When Do Injured Kids Require Trip to E.R.?

At 9:30 in the morning, the emergency room in Washington, D.C.'s Children's National Medical Center is already a busy place.

The patients include a little girl who fell on a gate and got badly scratched up, a toddler who tumbled over at daycare and hit his head, and a teenager who hurt his hand while playing basketball. All in all, it is a typical summer's day in the E.R.

Nearly half of all serious childhood injuries occur in the four-month period from May to August, amounting to 3 million hospital visits over the summer, with children rushed to the hospital for everything from minor cuts to concussions to broken bones.

But bumps, scrapes and bruises are everyday fare for active kids — so when is an accident an emergency?

When Are Wounds Serious?

If a wound won't stop bleeding, if it cannot be cleaned, or if it is on a delicate body area such as the face or the genitalia, it needs medical attention within 12 hours, emergency room experts say. These days, cuts can be not only stitched together, but glued or even stapled shut.

When 18-month-old Benjamin Nozik injured his head, his mother felt he needed special attention to check for serious injury.

"He was just in daycare and he fell backwards and hit his head on the hinge of a door," said Gabriella Nozik.

A child who has fallen more than two times his own height is at higher risk for a concussion. If your child loses consciousness, is excessively sleepy, has difficulty walking or talking, or throws up repeatedly, see a doctor right away.

It turned out that Benjamin needed stitches to close up his cut.

"I have trouble cutting his nails, I don't know how you'll staple it," his mom told doctors.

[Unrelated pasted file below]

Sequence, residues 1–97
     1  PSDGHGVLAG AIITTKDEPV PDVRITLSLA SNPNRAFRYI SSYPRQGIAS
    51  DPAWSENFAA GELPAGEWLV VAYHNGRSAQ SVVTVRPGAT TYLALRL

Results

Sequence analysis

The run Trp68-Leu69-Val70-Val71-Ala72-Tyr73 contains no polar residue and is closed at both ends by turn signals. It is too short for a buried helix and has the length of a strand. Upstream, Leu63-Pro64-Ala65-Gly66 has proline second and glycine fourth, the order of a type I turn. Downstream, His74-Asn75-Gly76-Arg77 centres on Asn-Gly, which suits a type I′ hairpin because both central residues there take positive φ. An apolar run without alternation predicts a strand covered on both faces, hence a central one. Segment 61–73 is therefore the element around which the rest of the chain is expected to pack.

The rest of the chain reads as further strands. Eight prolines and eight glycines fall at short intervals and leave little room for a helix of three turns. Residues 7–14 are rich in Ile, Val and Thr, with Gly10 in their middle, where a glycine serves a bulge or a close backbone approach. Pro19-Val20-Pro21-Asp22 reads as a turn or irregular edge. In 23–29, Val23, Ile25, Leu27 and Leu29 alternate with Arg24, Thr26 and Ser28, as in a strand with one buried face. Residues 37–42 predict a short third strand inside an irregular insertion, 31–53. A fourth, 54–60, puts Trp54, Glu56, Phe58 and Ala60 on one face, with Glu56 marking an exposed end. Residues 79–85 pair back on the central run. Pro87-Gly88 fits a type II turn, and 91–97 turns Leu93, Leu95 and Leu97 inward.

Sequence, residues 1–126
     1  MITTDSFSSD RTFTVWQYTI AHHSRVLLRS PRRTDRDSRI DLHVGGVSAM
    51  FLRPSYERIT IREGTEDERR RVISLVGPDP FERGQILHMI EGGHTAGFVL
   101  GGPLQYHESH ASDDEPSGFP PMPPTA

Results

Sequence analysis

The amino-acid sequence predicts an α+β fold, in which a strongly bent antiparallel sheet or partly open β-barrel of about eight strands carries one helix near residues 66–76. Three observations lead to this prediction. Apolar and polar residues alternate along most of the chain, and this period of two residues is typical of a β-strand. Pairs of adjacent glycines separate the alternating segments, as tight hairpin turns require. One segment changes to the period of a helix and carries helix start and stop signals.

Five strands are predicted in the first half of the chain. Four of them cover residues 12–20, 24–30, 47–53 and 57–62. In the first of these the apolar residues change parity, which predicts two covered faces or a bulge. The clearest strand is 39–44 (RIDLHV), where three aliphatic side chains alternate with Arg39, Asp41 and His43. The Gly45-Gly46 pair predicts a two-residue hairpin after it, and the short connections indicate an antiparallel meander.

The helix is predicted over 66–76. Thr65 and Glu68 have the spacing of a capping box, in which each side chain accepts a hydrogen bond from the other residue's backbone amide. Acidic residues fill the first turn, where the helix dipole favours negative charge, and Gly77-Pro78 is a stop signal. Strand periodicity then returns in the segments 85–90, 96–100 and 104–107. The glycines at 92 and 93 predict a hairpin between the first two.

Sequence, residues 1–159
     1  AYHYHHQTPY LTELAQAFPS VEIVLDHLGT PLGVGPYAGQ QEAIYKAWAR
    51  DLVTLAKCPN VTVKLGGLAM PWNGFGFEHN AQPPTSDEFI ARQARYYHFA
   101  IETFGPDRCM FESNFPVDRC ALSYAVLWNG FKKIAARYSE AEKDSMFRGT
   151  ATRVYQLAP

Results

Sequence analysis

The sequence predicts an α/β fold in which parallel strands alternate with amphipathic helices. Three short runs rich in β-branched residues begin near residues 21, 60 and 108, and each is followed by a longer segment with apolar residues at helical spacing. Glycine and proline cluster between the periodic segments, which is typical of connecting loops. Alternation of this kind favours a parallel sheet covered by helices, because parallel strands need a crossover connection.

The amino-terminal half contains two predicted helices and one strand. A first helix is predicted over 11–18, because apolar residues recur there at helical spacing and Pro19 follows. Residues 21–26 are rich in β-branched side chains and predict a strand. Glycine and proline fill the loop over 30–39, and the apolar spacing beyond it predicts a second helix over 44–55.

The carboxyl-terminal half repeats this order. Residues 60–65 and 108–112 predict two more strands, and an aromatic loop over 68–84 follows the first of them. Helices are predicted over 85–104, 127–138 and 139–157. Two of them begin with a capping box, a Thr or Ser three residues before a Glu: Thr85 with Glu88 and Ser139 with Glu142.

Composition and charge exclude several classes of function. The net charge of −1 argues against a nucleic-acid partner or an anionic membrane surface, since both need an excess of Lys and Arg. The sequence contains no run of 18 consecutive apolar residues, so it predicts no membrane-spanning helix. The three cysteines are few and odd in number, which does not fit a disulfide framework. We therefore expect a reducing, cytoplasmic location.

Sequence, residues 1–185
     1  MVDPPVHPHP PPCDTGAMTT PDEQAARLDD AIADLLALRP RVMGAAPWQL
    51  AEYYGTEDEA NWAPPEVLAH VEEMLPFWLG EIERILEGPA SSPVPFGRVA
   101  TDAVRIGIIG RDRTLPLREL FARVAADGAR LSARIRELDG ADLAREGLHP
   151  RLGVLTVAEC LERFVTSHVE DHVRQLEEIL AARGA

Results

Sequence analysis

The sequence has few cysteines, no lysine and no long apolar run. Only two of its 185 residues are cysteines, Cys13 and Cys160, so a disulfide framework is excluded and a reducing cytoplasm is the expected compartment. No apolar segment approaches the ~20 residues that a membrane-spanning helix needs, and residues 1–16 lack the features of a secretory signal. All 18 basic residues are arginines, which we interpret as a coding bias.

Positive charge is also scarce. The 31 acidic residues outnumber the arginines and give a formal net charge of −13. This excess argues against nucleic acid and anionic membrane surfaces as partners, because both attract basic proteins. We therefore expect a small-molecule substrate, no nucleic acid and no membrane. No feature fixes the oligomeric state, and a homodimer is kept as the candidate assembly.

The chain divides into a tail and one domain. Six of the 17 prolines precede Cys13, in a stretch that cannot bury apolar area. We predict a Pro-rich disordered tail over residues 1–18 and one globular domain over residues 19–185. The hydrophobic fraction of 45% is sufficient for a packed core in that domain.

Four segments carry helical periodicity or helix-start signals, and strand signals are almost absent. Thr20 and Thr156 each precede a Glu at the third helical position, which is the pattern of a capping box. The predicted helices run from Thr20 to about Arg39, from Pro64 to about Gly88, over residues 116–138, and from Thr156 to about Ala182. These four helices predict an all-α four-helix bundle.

But one staple closed her son's cut, and he was doing just fine.

When he entered the emergency room, 15-year-old Frederick Thomas looked fine, but an X-ray showed he broke his hand on the basketball court. The pain was concentrated in his pinkie.

Doctors gave Thomas a simple splint to let his bones heal.

Even without a physical deformity, pain may mean a broken bone, experts say. It is wise to head to the emergency room in those cases.

Emergency Room Quiz

Questions

1. Can you have a broken bone without seeing a physical deformity? a. Yes b. No

2. Which of the following are signs of wound infection? a. Redness b. Clear liquid coming from the wound c. Whitish liquid coming from the wound d. Swelling e. All of the above

3. After washing a wound and applying antibiotic ointment, what is the best way to help a wound heal? a. Apply a bandage right away to keep germs from getting in b. If the wound will stay clean, don't cover it — oxygen will help the wound heal

4. How do you know if a wound needs medical attention? a. It won't stop bleeding b. It is gaping and won't close c. It is in a sensitive area like the face or genitalia d. It can't be cleaned e. All of the above

5. How can you minimize scarring on cuts and wounds? a. Apply sunscreen to the scab once it forms b. Put alcohol on it c. Leave it alone

6. Which of the following are ways emergency rooms treat cuts? a. Staples b. Glue c. Bandages d. Stitches e. All of the above

Answers:

1. a 2. a and c 3. b 4. e 5. a 6. e

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